Sunday October 08, 2017

2017 Nobel Prize in Literature winner Kazuo Ishiguro on his novels of 'great emotional force'

Eleanor Wachtel has spoke to Nobel Prize for Literature laureate Kazuo Ishiguro three times.

Eleanor Wachtel has spoke to Nobel Prize for Literature laureate Kazuo Ishiguro three times. (CBC)

Listen to Full Episode 52:44

Kazuo Ishiguro has won the 2017 Nobel Prize in Literature. The Japanese-born British author was acknowledged for being a writer "who, in novels of great emotional force, has uncovered the abyss beneath our illusory sense of connection with the world." 

Born in Nagasaki, he moved to England with his family when he was five years old. His passion in university was rock music, and he says that it's only because he didn't make it as a singer and guitarist that he turned his hand to writing. He met with success right from his very first novel, A Pale View of Hills, published when he was just 27. His third novel, The Remains of the Day, catapulted him to the international stage — it won the 1989 Booker Prize and was adapted into an Oscar-nominated film.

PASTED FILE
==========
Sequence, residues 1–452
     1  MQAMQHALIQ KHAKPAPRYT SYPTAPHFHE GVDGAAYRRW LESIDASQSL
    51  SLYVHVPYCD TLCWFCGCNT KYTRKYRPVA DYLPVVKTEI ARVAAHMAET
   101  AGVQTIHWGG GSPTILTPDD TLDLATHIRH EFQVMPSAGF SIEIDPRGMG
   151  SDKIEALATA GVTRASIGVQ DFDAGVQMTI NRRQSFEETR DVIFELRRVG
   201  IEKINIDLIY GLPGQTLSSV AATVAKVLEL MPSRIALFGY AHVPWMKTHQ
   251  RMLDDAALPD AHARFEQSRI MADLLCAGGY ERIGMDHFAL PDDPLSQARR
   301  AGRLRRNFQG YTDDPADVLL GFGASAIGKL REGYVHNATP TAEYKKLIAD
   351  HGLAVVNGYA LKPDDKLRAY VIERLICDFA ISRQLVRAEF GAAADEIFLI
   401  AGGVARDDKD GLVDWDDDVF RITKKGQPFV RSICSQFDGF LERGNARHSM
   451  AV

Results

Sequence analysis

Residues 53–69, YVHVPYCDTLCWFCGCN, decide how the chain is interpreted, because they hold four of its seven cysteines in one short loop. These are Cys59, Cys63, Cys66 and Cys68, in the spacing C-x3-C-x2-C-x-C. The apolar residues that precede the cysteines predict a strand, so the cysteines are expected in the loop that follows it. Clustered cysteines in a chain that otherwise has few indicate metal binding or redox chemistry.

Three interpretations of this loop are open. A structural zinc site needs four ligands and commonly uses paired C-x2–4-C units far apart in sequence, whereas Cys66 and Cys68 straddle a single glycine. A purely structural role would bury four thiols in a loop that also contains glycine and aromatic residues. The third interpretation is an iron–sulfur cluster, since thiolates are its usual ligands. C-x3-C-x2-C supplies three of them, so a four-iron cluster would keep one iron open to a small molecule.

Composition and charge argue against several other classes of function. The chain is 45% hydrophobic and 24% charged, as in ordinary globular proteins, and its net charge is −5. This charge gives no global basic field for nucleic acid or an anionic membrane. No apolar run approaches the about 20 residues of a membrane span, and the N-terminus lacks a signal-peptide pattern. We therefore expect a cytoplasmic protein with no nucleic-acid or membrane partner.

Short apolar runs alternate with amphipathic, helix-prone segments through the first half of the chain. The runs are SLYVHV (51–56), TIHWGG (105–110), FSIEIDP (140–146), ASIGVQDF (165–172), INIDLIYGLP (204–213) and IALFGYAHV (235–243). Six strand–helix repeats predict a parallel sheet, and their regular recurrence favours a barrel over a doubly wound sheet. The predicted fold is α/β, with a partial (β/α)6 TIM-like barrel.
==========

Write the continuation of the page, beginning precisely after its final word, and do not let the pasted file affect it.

His 2005 novel Never Let Me Go was named by Time as one of the 100 greatest English-language novels since the inception of the magazine. His most recent novel is 2015's The Buried Giant. He has also written screenplays and short fiction.

In 2015, Ishiguro spoke with  Eleanor Wachtel about The Buried Giant, which you can listen to above.

He has also been on Writers & Company twice before: in 1995 he discussed The Unconsoled and in 2000 he discussed When We Were Orphans. You can listen to those conversations below.

Of his experience, he said: "Eleanor Wachtel is one of the very finest interviewers of authors I've come across anywhere in the world." 

2000: When We Were Orphans

1995: The Unconsoled

Music to close the broadcast interview: "Variations for the healing of Arinushka" composed by Arvo Pärt, performed by Jeroen van Veen.